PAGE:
The local two-year school, Montgomery College, is affectionately nicknamed "Harvard-on-the-Pike" by some and "M. K." by others. At a recent end-of-the-semester honors ceremony the audience is splendidly diverse: little boys in striped T-shirts ... little girls clutching plastic dolls ... grandparents dressed in their Sunday finery ... mothers holding bouquets for their beloved ... fathers with disposable cameras. Conversations take place in Portuguese, Korean, Hindi, Vietnamese, Spanish, Chinese, and less-recognizable languages.

This is a community college. It's attended by folks who choose to come here and who study hard to improve themselves --- not to party, delay going to work, or make connections with other wealthy drones, and not because their parents forced them to go. Many of the students are already holding down one, maybe two jobs, plus taking care of a family. Some are kids with spikey hair dyed in streaks of red and blue; some are gray or balding; some are overweight, handicapped, or uncosmetic in appearance; some are nervous new immigrants. Some goofed off, weren't focused during high school, made stupid mistakes, got into trouble, and only belatedly have figured out what they want to learn.

But when they cross that stage! Their friends whistle and whoop, the crowd applauds, they shake the hand of a professor, grin, nod ... they've done a good job, and are being recognized for it. Phi Theta Kappa, the junior college scholastic society, inducts a block of kids with strong grades. Others get departmental awards for hard work in math, drama, chemistry, French, physics, sports, business, and a host of other subjects. Some say a few words; the philosophy honoree is told "Don't talk, or we'll be here all night!", so she refrains. Nevertheless, the conclave runs late.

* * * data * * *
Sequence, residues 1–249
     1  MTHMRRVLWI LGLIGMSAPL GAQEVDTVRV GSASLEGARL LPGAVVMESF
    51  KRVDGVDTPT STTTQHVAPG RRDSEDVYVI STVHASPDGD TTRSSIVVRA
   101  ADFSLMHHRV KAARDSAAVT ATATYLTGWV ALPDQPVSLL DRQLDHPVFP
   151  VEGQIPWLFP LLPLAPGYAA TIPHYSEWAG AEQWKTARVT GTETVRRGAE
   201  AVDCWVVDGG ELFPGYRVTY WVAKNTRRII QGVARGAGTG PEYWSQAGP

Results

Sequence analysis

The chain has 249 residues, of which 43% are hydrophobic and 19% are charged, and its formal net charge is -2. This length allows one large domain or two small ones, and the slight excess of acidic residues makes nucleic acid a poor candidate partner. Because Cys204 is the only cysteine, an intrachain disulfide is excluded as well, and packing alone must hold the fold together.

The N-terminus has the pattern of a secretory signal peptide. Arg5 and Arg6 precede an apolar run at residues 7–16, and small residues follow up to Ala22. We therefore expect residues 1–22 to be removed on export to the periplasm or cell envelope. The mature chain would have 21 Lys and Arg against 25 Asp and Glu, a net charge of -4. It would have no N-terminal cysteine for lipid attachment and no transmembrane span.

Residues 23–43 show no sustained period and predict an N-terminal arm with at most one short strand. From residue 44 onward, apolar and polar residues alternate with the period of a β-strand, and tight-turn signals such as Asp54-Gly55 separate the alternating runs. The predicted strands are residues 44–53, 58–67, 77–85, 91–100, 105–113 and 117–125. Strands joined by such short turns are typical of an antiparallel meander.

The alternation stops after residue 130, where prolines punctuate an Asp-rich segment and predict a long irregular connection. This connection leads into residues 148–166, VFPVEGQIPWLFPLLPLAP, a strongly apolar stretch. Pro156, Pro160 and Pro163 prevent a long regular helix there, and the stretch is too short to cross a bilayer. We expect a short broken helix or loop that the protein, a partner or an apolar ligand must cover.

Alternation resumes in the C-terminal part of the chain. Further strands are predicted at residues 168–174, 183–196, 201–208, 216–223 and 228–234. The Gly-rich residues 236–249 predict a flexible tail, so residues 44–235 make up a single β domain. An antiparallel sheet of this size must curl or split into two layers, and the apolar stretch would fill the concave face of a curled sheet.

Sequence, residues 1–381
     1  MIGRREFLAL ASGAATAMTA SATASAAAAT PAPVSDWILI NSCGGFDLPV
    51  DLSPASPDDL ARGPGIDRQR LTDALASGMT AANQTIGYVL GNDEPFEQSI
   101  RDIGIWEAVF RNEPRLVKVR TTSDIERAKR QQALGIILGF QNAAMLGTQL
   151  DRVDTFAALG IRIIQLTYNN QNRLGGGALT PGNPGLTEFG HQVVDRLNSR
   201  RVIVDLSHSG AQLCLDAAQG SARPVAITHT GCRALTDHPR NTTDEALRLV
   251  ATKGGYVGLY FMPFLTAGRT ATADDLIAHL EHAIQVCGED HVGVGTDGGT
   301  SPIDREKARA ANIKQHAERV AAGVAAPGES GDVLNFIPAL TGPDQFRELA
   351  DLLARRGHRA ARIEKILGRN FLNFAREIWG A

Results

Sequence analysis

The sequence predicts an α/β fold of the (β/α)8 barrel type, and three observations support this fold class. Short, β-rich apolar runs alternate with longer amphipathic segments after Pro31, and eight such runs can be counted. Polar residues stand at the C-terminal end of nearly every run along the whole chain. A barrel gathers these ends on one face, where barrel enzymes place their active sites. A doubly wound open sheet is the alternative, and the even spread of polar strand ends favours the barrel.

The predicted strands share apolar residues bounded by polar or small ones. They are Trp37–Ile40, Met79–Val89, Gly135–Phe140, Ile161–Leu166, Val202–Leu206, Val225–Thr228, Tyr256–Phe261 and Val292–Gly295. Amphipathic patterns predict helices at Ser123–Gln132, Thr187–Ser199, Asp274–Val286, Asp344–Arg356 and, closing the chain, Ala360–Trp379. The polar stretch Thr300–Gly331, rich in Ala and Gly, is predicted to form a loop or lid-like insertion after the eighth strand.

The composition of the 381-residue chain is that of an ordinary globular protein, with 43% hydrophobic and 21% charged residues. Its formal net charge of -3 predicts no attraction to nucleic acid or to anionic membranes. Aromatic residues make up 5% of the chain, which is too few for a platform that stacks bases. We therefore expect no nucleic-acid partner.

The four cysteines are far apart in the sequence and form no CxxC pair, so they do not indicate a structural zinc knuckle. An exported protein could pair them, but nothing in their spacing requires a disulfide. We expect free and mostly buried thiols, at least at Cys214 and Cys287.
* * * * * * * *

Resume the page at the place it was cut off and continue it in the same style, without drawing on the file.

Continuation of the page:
Finally, two are called forward for highest honors. One is a whisp of an Asian girl, smile bigger than she is, who came to this country six years ago. In accented but excellent English she thanks her teachers and her new friends. The other is a tall young man with a shining scalp, totally hairless. He trembles a bit as he comes to the podium and tells his tale: had fun in high school, served in the Marine Corps, then was a lifeguard on the Chesapeake Bay at a state park ... saved some people from drowning but couldn't rescue one eight-year-old boy ... realized that he needed to get back to school ... did so a couple of years ago ... met a nice girl, was getting ready to marry ... and then was diagnosed with acute leukemia.

His cancer is in remission now but he's still hospitalized for more treatment. The doctors are letting him out for a few hours to attend this ceremony, but he can't hug anybody --- too much risk of infection. His voice catches; he seizes the lectern and gets a grip on his emotions, then goes on to finish his brief speech. He's still working on a degree in electronics. The marriage is rescheduled for September. He's confident that he'll make it there.

The audience rises to give him a genuine standing ovation --- proud of him, and of the hundreds of other real people who have been applauded this evening. What a wonderful investment of a community's resources. Bravo to all!

Sunday, May 27, 2001 at 19:03:15 (EDT) = 2001-05-27

TopicPersonalHistory - TopicProfiles

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